Moreover, if you’re watering from the top-down, no matter how hard you try to aim at the roots, the leaves can get wet. Although there’re certain species such as the Philodendron which like to have their foliage misted, most houseplants can develop fungal diseases if their leaves are frequently oversaturated. A self watering pot uses the best technique to thoroughly hydrate your plant from the inside out.
Another great way to keep your plants alive and well is to install an app on your phone. You can find plenty of free apps on the app store that’ll provide you with care instructions and information about water preferences. You can also create your own schedule and opt to receive push notifications to remind you when you should water your plants. Some apps go a step further and provide info based on the weather in your area and detailed instructions about different watering techniques.
If you want to kick it old school, make sure to educate yourself about the needs of your leafy child. Read about the type, outdoor/indoor preferences, but also about ideal water temperature and water quality.
Finding the Perfect Spot
Finding the perfect spot for your plant to thrive can also be quite tricky. The ideal conditions for succulents might be a complete nightmare for other flowering plants. This is why it’s impossible to define one ideal spot for all plants out there. Although most plants need proper air circulation and protection from draught, their light and temperature preferences can significantly differ. You can learn through trial and error or you can do a little research to learn about your plant’s needs.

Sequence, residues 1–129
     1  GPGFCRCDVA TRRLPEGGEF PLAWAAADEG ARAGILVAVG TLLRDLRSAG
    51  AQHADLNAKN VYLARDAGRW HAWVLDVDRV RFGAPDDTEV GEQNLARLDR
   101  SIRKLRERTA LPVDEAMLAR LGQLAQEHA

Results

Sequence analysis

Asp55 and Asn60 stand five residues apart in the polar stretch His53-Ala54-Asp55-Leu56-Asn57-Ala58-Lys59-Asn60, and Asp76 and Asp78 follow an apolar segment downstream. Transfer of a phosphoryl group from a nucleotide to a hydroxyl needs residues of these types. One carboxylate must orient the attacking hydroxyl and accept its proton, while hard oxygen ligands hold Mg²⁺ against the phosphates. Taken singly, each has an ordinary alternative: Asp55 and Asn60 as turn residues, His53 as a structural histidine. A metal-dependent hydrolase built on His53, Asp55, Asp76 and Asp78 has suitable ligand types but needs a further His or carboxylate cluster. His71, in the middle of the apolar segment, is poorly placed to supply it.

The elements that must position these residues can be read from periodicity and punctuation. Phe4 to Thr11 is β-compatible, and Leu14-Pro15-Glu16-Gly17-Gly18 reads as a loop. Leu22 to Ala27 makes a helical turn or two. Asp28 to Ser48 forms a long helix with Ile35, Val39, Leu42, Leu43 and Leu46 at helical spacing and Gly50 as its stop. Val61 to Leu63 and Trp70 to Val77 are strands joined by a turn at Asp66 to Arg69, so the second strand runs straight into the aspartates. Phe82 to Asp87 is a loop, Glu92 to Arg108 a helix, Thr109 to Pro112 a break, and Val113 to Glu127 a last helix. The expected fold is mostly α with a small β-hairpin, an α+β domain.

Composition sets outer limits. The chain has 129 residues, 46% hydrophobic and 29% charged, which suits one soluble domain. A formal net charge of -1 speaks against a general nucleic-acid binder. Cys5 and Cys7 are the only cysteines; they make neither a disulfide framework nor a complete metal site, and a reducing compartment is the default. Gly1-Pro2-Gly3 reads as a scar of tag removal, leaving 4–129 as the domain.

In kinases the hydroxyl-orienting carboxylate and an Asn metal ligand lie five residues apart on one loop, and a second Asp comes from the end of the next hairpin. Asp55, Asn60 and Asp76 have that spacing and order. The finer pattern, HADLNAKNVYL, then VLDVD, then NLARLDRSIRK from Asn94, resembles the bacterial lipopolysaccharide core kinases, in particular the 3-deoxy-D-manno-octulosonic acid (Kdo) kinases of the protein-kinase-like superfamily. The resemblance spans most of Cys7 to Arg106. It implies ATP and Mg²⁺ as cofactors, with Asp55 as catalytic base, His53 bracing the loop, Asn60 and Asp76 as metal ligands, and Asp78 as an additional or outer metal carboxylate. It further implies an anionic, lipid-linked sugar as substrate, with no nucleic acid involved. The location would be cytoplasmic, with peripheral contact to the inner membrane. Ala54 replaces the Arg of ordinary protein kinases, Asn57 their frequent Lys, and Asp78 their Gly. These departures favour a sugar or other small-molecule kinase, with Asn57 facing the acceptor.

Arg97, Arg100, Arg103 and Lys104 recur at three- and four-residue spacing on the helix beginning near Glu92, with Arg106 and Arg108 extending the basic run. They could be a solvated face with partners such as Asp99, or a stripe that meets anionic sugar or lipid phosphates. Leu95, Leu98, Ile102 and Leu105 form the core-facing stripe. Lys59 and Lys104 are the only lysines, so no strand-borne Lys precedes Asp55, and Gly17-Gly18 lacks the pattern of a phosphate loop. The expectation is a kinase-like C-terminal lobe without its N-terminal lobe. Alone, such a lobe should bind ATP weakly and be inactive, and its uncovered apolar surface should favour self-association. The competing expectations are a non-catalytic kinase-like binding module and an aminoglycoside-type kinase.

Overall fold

Aloe, polka dot, jade, and hibiscus are some of the plants that have high light requirements. These plants would flourish under direct light, so it’s best to place them near south or west-facing windows. Some of the plants that thrive well in low light conditions are philodendron, peace lily and dracaena and it’s best to place them in north-facing rooms.
They say there’s a tool for every job and this is true for house plants as well. Sometimes you’ll need to prune damaged dead or diseased parts of your plant and you shouldn’t use an ordinary kitchen knife or dull scissors. This can cause open wounds on the stem which will allow the disease to enter the plant and affect other parts.
Invest in a high-quality set of pruners and use them to snip diseased stems and leaves. You can also use them to control or redirect growth with precision and prevent unnecessary damage to healthy plants. You should regularly sharpen the blades and wipe them with alcohol after each and every use to prevent diseases from spreading to other plants.
Using Natural Insecticides
Instead of using aggressive chemicals which can burn the foliage, stunt the growth and even kill some plants, you can get rid of the pesky little insects with natural ingredients found in the household. Garlic, black pepper, dill, and ginger repel aphids, spider mites and other insects. For larger pests, you can set up a trap near the plant. Just pour a little beer or grape juice into a small tray to deter snails and slugs from feasting on roots and leaves.
You can also make your own solution with dish soap and water. Mix 1 tablespoon of dish soap in 1 litre of water and spray your plant from top to bottom. The soapy water will kill the tiny insects by causing dehydration; just make sure you spray directly to their bodies.